Call the Midwife’s Jenny Agutter: “I do love playing a nun”

“Downton isn’t something I’ve watched much. It’s a wonderful fantasy of English life, but we [at Midwife] are reality, albeit a bit removed"

She was brought up as a Roman Catholic, but rebelled at 16. “There are some wonderful things about all religions, but they’ve gone awry over hundreds of years by being politically manipulative. Religion often uses faith as a blindfold, saying anyone who doesn’t believe the same as us must be wiped out. It’s not God saying that. It’s people, which is so dangerous.

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“My mother was very much a believer and she always felt guilt – Catholics are good at that. She lost two children to cystic fibrosis and must have felt deep pain throughout her life. She was supportive and uncritical of me and my brother, but not an easy person. I wish I’d had closer conversations with her. Ironically, she spoke to my son freely about everything, including the war, which she never did to me or my brother. Both parents wanted us to have a comfortable life, with everything perfect.”

As her father was in the Army the family travelled extensively and when she was eight she was sent to Elmhurst ballet school, then in Camberley, Surrey, as a boarder. “I didn’t question it, but it’s peculiar and made a difference in my life.” She was nicknamed Piglet because she was small and ate a lot.

The school sent her for screen tests and she had her first part in East of Sudan in 1964. “My parents weren’t impressed. My father was entertainments manager in Cyprus, but my mother didn’t think showbusiness people were quite ‘right’. I have to say that everyone I came across as a child actor was entirely delightful and took care of me.”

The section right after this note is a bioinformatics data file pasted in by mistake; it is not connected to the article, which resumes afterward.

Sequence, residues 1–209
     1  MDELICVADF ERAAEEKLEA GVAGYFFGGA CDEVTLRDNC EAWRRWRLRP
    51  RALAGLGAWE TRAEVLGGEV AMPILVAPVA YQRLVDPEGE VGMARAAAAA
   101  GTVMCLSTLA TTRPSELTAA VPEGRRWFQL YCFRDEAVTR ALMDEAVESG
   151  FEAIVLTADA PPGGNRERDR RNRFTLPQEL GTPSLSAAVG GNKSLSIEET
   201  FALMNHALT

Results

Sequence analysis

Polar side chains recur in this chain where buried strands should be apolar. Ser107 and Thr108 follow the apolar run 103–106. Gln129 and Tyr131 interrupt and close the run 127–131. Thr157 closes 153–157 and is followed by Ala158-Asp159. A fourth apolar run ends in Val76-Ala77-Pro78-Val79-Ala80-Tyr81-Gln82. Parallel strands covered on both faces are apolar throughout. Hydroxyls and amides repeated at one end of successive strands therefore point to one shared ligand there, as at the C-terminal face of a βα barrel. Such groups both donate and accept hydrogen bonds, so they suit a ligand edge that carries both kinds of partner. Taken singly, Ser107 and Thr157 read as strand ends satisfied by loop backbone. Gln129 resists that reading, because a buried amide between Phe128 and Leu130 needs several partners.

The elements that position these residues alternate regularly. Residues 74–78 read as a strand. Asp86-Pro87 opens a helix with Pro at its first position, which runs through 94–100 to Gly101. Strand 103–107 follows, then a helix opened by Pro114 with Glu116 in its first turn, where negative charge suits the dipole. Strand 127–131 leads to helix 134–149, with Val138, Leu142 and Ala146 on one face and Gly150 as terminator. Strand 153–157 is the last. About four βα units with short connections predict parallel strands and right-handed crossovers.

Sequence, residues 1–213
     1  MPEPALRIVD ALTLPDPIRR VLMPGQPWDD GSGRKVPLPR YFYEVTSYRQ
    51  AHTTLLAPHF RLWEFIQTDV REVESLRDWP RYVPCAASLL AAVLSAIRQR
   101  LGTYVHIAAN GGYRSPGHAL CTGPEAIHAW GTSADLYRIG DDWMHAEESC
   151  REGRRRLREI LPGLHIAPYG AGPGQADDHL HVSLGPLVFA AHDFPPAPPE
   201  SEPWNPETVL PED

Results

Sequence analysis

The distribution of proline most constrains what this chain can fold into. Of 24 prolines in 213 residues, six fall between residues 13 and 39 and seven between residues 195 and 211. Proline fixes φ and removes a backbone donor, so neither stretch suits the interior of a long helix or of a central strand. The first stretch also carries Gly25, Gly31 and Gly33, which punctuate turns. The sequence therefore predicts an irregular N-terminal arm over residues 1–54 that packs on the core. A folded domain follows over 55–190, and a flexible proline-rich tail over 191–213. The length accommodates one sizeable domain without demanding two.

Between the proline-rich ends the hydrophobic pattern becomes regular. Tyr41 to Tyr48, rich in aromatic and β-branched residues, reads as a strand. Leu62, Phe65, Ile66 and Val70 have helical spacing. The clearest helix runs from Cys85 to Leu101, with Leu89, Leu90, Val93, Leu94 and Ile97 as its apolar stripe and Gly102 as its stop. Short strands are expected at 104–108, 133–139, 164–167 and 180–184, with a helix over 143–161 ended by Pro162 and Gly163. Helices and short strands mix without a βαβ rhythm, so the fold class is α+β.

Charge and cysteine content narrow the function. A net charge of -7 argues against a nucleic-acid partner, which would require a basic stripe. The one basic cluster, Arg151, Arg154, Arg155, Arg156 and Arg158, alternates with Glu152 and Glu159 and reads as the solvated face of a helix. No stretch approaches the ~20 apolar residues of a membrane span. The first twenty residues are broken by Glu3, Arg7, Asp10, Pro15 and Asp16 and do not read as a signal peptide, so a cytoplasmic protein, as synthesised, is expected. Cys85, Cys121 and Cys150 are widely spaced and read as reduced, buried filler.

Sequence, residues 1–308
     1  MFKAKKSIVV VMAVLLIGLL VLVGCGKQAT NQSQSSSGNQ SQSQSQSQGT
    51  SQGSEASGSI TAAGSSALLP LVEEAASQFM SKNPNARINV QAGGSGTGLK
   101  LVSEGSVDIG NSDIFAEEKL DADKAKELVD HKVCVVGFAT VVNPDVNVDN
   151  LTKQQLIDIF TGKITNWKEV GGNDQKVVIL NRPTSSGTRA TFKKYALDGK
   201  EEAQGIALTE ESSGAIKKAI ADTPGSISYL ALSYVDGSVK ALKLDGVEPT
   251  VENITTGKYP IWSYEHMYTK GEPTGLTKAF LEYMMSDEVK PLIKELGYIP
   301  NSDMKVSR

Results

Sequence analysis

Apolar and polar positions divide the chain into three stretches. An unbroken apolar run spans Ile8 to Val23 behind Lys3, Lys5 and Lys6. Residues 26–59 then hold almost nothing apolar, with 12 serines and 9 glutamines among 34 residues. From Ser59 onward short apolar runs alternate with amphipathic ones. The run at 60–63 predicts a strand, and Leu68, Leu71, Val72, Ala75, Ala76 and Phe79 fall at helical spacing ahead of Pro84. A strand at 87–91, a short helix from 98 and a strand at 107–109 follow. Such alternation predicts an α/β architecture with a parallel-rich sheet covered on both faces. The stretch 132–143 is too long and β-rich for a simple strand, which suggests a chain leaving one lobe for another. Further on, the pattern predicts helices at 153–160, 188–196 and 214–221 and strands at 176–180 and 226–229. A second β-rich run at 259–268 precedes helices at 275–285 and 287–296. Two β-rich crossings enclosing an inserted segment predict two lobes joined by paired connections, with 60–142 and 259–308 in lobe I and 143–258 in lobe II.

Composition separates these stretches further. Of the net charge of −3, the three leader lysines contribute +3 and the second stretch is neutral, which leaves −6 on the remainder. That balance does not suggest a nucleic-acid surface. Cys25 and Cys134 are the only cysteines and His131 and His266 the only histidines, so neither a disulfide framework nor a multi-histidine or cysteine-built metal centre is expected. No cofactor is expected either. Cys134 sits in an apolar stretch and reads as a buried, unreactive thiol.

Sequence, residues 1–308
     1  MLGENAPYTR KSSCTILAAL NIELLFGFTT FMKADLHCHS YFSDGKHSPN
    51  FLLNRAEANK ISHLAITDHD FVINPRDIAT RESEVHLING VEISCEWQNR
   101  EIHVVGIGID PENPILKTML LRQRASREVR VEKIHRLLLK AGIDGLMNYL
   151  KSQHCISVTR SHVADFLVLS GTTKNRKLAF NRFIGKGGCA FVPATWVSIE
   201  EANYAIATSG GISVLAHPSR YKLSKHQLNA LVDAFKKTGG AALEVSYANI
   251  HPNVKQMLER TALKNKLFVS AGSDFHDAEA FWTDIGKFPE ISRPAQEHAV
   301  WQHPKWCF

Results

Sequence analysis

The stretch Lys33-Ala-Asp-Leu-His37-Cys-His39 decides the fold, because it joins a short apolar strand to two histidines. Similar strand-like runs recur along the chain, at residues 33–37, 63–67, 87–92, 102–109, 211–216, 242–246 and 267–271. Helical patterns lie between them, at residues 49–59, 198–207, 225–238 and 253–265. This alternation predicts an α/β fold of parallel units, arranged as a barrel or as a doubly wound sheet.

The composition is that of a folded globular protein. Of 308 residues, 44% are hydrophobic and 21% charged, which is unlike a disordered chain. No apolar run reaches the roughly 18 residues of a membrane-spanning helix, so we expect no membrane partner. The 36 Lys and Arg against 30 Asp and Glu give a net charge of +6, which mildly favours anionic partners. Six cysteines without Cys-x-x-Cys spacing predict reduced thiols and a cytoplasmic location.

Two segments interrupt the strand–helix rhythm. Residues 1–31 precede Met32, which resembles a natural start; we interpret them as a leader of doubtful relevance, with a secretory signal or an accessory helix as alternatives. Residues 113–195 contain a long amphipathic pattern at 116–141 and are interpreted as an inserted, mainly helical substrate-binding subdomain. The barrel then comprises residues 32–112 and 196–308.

The Railway Children (above), for which she was paid less than £10,000 (about £160,000 today), was pivotal. “I stopped school, which was foolish and I wouldn’t advocate it for anyone, but never mind. We had a wonderful royal premiere, were on the front page of the newspapers for a short time, and that was it. I was out of school, with no training, little education and not much happening in films. I did a lot of television and went to the National Theatre, where everyone had a theatrical background and knowledge I lacked. Peter Hall urged me to go into rep, but that’s not where my heart lay and I’ve only ever been able to follow what I feel. So I went to America, where no one had heard of The Railway Children.

“It wasn’t entirely foolish. I had an American agent whose guesthouse I stayed in. And I’d won an Emmy for The Snow Goose. But for six months I thought nothing would happen – I was going up for adverts, and then Logan’s Run came along [in 1976]. Many people go to LA and hate it. I didn’t. I like the openness and the ‘can do’ attitude. In America it’s ‘can do’ – until it fails. In England it fails – until you ‘can do’. There were disappointments – parts that went to someone else, bad reviews – but you push them away. Friends help me get it in proportion.”

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“I avoided pitfalls by realising it’s no good looking for gold unless you dig. I joined a little ballet company and made sure I didn’t wander around vaguely. I was also never comfortable with hire purchase. I got my first car from Rent-a-Wreck, and felt extremely privileged to enjoy life in my little rented flat. As soonasImademoneyIputitdownonan investment house in West Hollywood. At one point I thought of going into the property market, which is much more simple in America.”